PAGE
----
Wednesday 22nd September 2010
In a new survey launched this week in partnership with the national stick insect recording scheme, Buglife is asking for records and photographs of stick insects from Cornish gardens, parks and wild places.
Buglife’s South West Conservation Officer Andrew Whitehouse says “Not many people realise that we have stick insects living in the wild in the West Country – they are not native to the UK but are able to survive in the South West thanks to our mild winters”.
|Unarmed stick-insect (Acanthoxyla inermis) © Malcolm Lee|
"Stick insect eggs are unable to survive hard frosts, but in mild areas such as the Isles of Scilly and parts of Cornwall and Devon they are able to survive. It would seem we now have a few expanding colonies of these insects."
“Early Autumn is a good time of year to look for stick insects, as the weather gets colder they seek warmth by basking on south-facing walls – this makes them easier to spot.”
Malcolm Lee, Cornish-based stick insect expert, says “Stick insects arrived in this country on imported plants from New Zealand. The first species to arrive, the Prickly stick-insect (Acanthoxyla geisovii), was recorded in Paignton in 1909 and on Tresco on the Isles of Scilly in 1943. A second species, the Smooth stick-insect (Clitarchus hookeri), turned up on Tresco in 1949, and yet a third species, the Unarmed stick-insect (Acanthoxyla inermis), was found in Truro in 1979, but it may have been in a nearby nursery since the 1920s.”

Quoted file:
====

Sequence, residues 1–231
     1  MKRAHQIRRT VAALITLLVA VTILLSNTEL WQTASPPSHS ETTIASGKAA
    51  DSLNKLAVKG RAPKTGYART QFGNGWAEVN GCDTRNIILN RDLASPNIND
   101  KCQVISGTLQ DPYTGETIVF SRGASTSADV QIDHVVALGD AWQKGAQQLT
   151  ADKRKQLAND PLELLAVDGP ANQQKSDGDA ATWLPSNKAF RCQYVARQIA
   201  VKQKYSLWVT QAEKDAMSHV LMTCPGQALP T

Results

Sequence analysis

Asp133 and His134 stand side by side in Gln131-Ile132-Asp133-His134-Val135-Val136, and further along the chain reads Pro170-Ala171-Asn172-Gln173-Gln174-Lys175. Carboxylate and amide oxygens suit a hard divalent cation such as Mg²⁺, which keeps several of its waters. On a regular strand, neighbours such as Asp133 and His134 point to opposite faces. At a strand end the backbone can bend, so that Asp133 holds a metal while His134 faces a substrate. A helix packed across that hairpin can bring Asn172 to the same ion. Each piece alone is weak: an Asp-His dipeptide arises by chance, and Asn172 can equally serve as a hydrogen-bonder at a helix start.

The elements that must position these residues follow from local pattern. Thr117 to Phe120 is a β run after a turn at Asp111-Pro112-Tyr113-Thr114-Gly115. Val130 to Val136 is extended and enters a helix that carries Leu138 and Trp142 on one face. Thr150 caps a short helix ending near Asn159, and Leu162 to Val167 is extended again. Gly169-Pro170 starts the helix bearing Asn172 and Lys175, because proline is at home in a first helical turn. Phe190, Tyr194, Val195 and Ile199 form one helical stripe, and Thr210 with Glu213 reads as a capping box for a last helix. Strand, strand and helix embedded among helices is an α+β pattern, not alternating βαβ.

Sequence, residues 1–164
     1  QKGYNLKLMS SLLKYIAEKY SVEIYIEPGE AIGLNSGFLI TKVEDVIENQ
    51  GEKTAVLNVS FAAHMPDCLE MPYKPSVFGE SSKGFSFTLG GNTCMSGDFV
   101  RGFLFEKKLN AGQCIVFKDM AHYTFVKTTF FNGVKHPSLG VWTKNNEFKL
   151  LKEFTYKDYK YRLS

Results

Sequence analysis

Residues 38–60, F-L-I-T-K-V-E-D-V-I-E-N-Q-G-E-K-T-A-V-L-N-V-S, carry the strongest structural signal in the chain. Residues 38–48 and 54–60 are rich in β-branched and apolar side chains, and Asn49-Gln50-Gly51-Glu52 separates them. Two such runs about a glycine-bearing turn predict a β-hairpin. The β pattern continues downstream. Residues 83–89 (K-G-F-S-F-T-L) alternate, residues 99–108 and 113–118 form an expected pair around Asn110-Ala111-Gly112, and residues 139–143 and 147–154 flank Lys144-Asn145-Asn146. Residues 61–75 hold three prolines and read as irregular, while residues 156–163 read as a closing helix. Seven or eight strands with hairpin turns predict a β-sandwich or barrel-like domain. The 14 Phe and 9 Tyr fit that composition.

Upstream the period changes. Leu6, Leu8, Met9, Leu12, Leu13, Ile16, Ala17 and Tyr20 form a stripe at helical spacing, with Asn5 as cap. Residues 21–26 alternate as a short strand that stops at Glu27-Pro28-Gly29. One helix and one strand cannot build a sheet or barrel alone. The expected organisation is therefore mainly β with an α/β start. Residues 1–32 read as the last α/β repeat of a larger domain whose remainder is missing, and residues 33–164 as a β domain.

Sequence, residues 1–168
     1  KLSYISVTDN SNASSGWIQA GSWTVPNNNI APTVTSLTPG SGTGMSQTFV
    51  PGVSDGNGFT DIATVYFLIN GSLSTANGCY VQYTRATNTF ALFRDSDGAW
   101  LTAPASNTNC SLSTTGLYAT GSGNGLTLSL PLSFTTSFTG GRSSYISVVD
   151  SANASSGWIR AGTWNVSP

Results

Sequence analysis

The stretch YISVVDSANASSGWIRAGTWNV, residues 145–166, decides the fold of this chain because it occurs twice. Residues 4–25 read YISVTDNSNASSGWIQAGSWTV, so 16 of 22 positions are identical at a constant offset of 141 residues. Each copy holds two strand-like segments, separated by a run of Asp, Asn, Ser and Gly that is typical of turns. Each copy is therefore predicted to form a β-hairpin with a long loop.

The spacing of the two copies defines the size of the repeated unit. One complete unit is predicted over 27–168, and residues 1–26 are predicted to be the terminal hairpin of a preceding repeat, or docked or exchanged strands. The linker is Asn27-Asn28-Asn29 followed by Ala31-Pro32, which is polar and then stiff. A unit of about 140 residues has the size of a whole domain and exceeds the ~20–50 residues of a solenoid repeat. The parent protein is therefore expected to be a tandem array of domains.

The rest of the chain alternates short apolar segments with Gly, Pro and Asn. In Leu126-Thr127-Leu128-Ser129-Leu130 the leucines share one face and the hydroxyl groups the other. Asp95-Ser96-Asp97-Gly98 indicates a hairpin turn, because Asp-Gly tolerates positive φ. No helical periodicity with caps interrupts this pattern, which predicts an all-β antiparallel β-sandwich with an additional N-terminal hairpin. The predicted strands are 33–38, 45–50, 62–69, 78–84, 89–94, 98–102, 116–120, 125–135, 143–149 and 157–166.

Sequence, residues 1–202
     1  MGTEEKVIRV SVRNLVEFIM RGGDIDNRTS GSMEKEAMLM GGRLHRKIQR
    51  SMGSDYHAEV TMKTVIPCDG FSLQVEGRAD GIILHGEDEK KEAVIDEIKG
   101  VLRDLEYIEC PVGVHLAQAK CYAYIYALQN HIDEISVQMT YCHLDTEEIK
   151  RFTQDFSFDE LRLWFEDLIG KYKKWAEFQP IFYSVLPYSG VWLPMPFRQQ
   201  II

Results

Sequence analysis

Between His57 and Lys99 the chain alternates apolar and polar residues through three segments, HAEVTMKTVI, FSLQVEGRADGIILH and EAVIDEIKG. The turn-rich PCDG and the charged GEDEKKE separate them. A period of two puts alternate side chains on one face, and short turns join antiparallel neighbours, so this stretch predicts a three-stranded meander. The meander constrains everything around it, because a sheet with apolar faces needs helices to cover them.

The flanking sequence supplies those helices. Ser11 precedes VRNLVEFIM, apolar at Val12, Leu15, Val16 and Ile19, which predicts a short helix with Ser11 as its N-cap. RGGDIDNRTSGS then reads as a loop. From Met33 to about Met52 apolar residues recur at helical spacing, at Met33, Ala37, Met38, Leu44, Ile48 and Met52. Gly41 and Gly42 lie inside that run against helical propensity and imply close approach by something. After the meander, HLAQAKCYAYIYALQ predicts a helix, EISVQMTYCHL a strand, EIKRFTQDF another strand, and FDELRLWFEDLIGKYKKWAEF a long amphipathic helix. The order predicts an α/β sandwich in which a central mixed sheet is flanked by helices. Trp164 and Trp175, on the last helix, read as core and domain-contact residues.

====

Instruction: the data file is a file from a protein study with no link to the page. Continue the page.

“New records from this survey will help us to monitor how quickly stick-insects are spreading across the county – we hear of new populations every year. I am also interested to see if last year’s bitterly cold winter has had an impact on our Cornish stick insects – it is likely that many eggs will not have survived, but colonies have shown themselves to be surprisingly resilient and there will still be places where they have hung on.”
Andrew adds “Five years ago we had a fantastic response from readers of the Cornish Guardian – the stick insect recording scheme received sightings and photographs from all over the county – we are hoping for a similar result in 2010.”